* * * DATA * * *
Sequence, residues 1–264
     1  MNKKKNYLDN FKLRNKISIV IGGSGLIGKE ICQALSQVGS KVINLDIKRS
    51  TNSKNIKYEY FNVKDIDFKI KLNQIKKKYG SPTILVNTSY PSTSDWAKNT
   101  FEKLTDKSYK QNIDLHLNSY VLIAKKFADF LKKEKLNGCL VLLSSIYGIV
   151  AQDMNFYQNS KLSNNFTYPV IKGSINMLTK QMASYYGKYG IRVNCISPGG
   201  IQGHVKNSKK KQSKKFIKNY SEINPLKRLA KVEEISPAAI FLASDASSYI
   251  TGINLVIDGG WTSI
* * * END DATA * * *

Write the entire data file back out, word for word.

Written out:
Sequence, residues 1–264
     1  MNKKKNYLDN FKLRNKISIV IGGSGLIGKE ICQALSQVGS KVINLDIKRS
    51  TNSKNIKYEY FNVKDIDFKI KLNQIKKKYG SPTILVNTSY PSTSDWAKNT
   101  FEKLTDKSYK QNIDLHLNSY VLIAKKFADF LKKEKLNGCL VLLSSIYGIV
   151  AQDMNFYQNS KLSNNFTYPV IKGSINMLTK QMASYYGKYG IRVNCISPGG
   201  IQGHVKNSKK KQSKKFIKNY SEINPLKRLA KVEEISPAAI FLASDASSYI
   251  TGINLVIDGG WTSI